The United States Department of Agriculture (USDA) announced on Monday a proposal to move the animal biotechnology regulations to the USDA in what the press release called a “significant step in modernizing regulations of agricultural animals modified or produced by genetic engineering.”
Secretary of Agriculture Sonny Perdue said “our livestock producers need all the tools in the toolbox to help protect against animal diseases and continue to meet the challenge of feeding everyone now and into the future. If we do not put these safe biotechnology advances to work here at home, our competitors in other nations will.” Perdue said advances in biotechnology could “enhance rural prosperity” and improve the quality of life across the country. He explained that the department will use an approach based on science and potential risks.
The USDA also announced an Advanced Notice of Proposed Rulemaking as a way to allow public input on the proposed framework. The rule would transition biotechnology regulatory oversight from the Food and Drug Administration to the USDA, and would provide for the USDA to consult with the FDA to include the department in considering various measures. The press release said the “USDA looks forward to FDA experts participating in the development of our review process. Among other things, this measure covers molecular characterization, animal health, food storage, and processing.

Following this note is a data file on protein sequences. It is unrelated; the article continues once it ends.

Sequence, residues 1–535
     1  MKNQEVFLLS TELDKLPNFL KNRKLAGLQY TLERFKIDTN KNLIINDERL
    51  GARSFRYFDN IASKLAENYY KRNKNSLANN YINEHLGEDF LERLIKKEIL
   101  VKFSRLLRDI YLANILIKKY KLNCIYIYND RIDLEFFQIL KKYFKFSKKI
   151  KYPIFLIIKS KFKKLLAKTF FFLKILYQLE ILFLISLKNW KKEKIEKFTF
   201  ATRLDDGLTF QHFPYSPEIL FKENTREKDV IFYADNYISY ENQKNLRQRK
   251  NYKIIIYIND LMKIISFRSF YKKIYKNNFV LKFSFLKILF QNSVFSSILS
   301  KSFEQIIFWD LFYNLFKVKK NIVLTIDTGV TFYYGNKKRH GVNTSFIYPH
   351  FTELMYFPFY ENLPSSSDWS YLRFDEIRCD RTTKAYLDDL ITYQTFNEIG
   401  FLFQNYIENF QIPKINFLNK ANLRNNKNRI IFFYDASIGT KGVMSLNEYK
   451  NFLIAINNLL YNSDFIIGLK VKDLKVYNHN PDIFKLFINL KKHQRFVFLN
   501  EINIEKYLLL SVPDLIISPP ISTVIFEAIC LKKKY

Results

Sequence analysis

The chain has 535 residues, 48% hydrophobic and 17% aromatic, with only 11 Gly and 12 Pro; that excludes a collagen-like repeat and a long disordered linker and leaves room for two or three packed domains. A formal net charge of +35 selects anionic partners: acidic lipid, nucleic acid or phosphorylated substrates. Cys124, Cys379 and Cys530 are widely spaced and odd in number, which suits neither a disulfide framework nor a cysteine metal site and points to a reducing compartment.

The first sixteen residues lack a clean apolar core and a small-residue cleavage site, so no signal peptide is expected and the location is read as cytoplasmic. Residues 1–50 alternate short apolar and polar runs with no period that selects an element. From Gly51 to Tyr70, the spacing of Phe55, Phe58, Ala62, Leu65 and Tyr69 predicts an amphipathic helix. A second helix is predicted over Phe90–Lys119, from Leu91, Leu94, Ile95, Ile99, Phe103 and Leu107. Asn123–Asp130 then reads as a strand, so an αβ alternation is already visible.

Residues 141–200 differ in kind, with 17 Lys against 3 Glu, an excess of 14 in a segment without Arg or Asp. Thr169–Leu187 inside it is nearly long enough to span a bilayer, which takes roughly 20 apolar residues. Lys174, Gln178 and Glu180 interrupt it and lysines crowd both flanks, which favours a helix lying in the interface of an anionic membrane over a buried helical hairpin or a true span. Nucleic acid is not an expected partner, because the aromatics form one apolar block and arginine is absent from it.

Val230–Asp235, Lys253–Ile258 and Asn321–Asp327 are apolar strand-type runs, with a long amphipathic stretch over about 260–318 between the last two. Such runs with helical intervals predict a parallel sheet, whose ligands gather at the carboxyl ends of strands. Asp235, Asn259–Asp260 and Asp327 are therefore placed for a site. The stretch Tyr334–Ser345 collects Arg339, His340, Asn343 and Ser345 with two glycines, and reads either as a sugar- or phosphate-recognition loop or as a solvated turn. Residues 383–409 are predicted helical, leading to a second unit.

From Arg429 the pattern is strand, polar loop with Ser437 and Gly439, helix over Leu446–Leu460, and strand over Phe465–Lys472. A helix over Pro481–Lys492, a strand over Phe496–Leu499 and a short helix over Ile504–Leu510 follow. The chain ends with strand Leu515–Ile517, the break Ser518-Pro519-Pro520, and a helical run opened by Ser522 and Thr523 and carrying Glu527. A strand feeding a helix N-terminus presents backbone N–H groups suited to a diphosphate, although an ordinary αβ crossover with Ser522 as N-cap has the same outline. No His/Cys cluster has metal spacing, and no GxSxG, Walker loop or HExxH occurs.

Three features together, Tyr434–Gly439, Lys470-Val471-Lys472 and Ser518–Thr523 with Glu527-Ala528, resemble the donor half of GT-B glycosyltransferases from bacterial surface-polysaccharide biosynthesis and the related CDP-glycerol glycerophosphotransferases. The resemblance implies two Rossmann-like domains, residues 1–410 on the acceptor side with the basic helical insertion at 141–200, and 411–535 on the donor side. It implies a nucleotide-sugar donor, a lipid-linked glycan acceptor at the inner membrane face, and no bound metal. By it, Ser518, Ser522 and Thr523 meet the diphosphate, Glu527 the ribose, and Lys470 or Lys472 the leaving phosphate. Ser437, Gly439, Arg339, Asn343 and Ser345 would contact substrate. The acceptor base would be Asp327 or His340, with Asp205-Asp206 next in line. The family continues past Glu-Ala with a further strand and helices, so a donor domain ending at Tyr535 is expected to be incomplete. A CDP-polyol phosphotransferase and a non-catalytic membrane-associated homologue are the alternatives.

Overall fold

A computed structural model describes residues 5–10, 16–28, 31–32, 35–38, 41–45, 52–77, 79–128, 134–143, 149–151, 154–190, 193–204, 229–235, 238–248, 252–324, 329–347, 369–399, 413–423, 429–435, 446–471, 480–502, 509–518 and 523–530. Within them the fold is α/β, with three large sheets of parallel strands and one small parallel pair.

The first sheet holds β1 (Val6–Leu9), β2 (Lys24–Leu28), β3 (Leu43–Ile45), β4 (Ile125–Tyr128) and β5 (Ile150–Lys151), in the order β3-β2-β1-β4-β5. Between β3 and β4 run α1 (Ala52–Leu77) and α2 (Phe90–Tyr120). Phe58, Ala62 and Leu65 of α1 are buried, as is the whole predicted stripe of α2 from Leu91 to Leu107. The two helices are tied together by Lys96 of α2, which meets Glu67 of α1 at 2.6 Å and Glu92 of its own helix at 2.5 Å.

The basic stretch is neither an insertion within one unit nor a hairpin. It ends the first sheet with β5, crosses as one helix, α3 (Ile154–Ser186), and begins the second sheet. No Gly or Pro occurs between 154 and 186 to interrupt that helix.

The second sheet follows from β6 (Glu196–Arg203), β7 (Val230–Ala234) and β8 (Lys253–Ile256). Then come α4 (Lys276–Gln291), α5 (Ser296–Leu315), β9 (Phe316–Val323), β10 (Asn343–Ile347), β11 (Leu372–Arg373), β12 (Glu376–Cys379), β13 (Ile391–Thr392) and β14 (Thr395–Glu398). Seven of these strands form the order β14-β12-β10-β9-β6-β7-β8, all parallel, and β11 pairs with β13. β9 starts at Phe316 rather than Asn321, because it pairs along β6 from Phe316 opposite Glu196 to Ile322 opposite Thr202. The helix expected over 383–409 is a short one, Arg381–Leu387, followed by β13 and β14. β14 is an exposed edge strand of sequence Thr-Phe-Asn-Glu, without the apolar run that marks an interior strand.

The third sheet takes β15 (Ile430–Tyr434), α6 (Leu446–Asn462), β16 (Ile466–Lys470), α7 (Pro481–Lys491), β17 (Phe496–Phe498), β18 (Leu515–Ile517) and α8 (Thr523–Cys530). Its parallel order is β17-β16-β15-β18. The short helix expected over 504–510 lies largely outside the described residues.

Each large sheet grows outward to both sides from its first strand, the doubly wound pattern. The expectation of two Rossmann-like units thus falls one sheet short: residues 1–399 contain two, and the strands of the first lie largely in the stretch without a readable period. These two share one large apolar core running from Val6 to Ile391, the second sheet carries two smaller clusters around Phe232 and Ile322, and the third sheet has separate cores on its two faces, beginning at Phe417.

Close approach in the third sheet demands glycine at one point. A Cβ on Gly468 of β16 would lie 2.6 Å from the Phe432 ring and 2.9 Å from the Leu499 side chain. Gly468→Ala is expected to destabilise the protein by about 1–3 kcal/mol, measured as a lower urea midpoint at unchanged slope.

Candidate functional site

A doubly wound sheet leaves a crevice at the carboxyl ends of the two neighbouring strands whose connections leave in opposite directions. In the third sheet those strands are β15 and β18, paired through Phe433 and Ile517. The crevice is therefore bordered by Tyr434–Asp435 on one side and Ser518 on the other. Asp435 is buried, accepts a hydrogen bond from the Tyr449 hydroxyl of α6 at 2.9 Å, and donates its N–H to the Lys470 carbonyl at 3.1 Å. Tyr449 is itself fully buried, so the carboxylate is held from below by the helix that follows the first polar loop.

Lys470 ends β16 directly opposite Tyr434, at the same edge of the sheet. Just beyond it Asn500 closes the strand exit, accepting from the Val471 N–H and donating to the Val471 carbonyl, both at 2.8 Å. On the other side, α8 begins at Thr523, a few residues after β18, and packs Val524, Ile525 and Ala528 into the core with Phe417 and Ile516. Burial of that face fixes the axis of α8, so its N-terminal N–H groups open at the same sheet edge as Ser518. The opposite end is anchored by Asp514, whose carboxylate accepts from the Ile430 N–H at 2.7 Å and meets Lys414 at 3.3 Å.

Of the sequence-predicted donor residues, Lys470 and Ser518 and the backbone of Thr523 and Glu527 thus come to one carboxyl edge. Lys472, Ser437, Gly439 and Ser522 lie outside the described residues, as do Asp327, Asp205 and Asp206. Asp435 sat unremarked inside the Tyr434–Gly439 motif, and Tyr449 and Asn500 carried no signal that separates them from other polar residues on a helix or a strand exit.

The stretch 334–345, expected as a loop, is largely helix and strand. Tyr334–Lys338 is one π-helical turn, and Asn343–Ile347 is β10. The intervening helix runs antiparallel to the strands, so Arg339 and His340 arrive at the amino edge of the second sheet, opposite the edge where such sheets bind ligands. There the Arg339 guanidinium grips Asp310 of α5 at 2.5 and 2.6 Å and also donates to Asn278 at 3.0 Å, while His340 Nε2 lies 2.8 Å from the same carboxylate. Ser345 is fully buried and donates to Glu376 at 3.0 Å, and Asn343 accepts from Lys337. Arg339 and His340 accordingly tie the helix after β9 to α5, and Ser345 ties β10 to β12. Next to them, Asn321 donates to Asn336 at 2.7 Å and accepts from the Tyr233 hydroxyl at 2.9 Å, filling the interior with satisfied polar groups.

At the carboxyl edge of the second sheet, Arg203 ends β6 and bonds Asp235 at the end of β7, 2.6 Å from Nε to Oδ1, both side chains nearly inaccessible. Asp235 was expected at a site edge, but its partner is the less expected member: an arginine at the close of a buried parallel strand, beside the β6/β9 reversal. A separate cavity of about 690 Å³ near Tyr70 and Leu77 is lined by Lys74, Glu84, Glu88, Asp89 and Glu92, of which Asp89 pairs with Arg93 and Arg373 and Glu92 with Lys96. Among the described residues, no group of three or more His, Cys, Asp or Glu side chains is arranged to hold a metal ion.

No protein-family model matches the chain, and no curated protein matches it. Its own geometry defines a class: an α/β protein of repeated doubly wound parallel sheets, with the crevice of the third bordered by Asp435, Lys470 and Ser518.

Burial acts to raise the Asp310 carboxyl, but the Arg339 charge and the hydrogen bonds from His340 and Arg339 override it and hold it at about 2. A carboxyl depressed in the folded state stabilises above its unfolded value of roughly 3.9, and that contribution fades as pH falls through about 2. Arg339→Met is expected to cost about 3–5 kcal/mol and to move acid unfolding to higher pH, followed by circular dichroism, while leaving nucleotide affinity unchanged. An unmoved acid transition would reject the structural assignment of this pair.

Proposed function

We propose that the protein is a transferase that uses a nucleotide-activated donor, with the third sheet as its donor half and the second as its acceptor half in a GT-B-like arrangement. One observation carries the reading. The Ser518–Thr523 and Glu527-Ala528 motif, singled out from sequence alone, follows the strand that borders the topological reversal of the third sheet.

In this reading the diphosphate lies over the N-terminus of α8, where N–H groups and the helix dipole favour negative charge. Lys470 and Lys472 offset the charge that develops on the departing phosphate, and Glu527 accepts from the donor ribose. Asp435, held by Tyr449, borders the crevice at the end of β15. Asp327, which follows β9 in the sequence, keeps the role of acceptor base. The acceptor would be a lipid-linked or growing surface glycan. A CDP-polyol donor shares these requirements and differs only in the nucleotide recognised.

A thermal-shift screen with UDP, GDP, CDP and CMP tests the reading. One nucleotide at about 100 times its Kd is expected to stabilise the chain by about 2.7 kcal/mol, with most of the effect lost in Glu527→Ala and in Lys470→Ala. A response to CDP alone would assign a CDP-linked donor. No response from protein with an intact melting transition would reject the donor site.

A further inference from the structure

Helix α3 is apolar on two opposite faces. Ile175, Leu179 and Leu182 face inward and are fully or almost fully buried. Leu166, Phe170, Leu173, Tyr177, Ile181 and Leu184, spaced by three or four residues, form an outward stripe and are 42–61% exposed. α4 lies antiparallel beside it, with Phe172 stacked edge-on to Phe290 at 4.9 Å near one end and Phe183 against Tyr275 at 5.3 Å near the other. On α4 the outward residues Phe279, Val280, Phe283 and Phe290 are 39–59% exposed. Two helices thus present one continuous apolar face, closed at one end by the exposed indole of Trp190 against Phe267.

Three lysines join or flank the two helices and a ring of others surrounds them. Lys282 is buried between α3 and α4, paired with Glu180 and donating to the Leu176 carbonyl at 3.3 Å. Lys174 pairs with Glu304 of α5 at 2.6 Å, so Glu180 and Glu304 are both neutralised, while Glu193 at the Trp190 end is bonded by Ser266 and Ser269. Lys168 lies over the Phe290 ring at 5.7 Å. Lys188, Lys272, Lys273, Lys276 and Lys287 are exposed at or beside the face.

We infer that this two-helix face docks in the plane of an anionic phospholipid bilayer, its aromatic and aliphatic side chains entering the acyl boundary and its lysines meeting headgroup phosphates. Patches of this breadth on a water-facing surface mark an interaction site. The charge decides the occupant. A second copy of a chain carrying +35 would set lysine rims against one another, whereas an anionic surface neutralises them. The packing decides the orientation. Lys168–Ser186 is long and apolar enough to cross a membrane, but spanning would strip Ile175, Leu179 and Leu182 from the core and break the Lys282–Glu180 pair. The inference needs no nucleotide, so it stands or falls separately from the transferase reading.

Rep. K. Michael Conaway (R-Tex.) on the Agriculture committee of the House of Representatives said in a press release, “today’s announcement marks a positive step towards ensuring that the United States will continue to be a global leader in scientific advancements in biotechnology and that our livestock producers will have the tools they need to prevent animal diseases. Secretary Perdue’s new science-based rulemaking process will solicit public input, and evaluate new regulations based on the potential risk to animal and livestock health, food safety, and the environment. This is terrific news for the future of American agricultural innovation.”
Monday’s announcement follows an Executive Order signed by President Donald Trump in June 2019 calling for modernizing the agricultural biotechnology framework.